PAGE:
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Business News/ Companies / News/  GM staff face heat after Tavera recalls

New Delhi/Mumbai: A day after the government ordered a probe into General Motors India Pvt. Ltd’s (GM) recall of 114,000 units of its Tavera multi-utility vehicle, more than 20 executives, including four top managers, are being asked to leave the company, said three people familiar with the development.

The Indian government has indicated that the problem with the vehicle may be more critical than previously believed.

“It is not a case of malfunctioning but a very basic problem with the engine," said Vijay Chhibber, secretary, ministry of road transport and highways. “GM has accepted that they have defaulted on the vehicle."

On Wednesday, General Motors said it was recalling the Taveras to address issues related to emissions and specifications.

On the same day, The Press Trust of India reported that the ministry of road transport and highways and the department of heavy industries had launched an investigation into the vehicle testing set-up in the country.

A General Motors India spokesperson declined to comment on the departures of the executives.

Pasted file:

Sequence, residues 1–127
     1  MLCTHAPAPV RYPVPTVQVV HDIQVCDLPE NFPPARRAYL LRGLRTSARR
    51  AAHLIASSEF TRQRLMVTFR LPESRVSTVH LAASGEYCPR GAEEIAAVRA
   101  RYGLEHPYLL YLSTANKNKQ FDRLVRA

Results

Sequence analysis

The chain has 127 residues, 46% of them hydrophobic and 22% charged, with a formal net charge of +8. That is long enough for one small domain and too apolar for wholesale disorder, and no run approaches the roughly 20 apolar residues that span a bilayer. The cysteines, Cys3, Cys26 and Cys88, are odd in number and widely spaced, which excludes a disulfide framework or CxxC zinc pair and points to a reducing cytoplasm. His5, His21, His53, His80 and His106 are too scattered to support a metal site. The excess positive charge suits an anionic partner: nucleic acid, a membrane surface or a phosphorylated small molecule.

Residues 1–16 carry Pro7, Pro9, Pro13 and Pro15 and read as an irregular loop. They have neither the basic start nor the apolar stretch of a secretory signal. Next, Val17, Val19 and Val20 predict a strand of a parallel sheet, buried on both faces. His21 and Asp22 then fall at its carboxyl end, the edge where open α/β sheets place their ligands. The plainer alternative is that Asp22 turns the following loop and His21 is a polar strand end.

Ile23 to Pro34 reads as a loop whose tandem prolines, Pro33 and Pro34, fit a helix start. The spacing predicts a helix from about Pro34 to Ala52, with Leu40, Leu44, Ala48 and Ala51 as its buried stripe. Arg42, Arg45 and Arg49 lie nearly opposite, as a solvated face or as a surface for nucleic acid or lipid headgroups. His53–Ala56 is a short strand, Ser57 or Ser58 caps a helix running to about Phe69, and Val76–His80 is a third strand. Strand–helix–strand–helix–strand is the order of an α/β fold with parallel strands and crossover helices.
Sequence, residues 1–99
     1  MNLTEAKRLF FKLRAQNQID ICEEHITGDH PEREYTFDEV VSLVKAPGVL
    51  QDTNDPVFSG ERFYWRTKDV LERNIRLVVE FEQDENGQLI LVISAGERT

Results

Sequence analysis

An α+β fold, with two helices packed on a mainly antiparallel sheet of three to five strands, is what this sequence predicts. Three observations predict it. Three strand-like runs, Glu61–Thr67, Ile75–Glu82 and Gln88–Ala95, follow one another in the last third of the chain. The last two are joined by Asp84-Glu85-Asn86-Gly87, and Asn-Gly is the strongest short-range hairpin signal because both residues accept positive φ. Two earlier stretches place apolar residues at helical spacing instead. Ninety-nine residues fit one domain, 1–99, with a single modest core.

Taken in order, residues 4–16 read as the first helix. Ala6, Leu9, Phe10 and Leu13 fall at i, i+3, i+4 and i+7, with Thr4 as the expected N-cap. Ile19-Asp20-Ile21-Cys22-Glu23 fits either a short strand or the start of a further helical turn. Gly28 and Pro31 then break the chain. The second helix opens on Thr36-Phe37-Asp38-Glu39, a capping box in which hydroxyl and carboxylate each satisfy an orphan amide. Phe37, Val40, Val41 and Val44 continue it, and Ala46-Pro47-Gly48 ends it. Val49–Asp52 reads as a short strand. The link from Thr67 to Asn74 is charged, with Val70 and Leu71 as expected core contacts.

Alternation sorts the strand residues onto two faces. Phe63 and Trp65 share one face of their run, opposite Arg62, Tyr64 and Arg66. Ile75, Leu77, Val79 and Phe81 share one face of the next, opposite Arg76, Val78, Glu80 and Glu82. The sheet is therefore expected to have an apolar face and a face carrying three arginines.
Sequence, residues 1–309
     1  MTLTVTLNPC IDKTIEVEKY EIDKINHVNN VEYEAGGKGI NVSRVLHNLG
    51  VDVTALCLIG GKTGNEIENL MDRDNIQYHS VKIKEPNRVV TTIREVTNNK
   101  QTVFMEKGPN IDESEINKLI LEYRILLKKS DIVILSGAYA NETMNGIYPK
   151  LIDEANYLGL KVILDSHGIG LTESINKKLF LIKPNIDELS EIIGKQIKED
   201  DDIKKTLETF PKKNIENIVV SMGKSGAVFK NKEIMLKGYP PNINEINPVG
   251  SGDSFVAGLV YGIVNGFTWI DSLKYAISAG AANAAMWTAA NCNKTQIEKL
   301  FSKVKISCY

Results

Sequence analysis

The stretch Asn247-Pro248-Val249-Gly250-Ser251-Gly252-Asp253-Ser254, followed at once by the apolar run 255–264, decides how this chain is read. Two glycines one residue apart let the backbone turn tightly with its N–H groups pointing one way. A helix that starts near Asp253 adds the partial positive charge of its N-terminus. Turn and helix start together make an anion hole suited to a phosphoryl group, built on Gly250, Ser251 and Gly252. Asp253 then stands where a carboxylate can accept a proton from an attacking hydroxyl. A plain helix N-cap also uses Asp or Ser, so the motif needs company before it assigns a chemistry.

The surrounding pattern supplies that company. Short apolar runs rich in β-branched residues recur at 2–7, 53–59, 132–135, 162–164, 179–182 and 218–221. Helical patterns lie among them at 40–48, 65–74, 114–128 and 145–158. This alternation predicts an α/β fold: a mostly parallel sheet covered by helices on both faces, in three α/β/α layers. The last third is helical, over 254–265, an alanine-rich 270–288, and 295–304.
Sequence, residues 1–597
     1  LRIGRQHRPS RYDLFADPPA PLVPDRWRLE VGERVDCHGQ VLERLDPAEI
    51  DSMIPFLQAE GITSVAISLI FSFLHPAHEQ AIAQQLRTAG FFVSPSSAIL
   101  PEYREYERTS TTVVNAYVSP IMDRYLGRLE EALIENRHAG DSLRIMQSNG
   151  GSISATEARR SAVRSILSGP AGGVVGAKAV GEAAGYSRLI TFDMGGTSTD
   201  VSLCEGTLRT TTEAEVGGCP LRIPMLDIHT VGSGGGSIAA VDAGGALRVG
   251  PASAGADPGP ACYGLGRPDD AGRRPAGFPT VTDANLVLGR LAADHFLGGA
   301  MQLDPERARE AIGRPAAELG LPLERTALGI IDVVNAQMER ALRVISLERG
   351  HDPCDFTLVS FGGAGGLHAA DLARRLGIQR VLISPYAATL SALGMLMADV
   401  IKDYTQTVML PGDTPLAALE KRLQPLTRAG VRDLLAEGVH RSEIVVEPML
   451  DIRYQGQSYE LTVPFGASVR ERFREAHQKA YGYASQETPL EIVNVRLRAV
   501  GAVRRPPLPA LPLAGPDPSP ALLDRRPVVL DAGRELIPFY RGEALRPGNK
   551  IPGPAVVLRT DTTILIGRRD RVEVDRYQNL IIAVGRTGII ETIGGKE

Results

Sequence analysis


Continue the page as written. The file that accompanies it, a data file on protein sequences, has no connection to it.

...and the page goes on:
“We will not comment on an internal personnel matter," the person said. “Our focus at this time continues to be working with regulatory authorities and consumers to resolve the Tavera emissions issue to their satisfaction."

Meanwhile, the US parent of General Motors India has taken the issue very seriously, said a person familiar with the matter.

“They don’t want to compromise on ethics," he said. The company is likely to issue some transfer orders besides asking some senior executives in key positions to leave, he added.

General Motors India may also be penalized, he said.

Chhibber said the government probe will be concluded “in a few days".

“We have asked the ministry of heavy industry to probe into the matter. They have formed a committee which would be headed by the NATRiP CEO (Nitin Gokarn)," he said. National Automotive Testing and R&D Infrastructure Project, or NATRiP, is a joint initiative of the state and Central governments with the industry.

The Taveras being recalled were produced and sold between 2005 and 2013.

To be sure, the Indian subsidiary of the US automaker had relaunched the Tavera in 2011 to meet upgraded Bharat Stage IV fuel emission norms.

According to one of the three people familiar with the development, the repercussions of the move may be widely felt.

“At least two people who were involved with Indian operations three years ago and are serving in GM in North American markets may also feel the heat," he said.

Most of the people who may be asked to leave belong to departments such as finance, quality, engineering, purchase and sourcing, he said.

“Two of the top Indian executives are also under the scanner," this person said.

Mint could not ascertain the names of the people who will be asked to leave.

A top official, whose role may also be questioned, said, “Yes. I think so", when asked if people were being asked to leave.

When asked whether he had received any intimation from the company, the person said, “I would not like to disclose that."